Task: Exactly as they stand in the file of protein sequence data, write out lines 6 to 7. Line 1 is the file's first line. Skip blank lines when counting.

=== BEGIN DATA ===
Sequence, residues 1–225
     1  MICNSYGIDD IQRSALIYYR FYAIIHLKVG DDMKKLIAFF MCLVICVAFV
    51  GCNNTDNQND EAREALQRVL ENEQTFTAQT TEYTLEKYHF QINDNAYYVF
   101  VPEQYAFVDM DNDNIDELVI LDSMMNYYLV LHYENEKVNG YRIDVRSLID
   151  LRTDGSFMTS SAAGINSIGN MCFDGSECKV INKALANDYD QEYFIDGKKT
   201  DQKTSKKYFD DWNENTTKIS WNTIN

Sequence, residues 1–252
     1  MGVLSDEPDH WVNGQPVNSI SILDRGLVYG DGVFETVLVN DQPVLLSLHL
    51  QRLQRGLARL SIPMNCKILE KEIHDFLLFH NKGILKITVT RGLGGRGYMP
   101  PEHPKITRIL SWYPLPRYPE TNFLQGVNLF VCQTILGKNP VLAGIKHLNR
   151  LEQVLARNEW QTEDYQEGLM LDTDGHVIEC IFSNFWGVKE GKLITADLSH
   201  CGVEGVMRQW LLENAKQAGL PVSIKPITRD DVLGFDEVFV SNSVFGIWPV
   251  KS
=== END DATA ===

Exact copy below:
   201  DQKTSKKYFD DWNENTTKIS WNTIN

Sequence, residues 1–252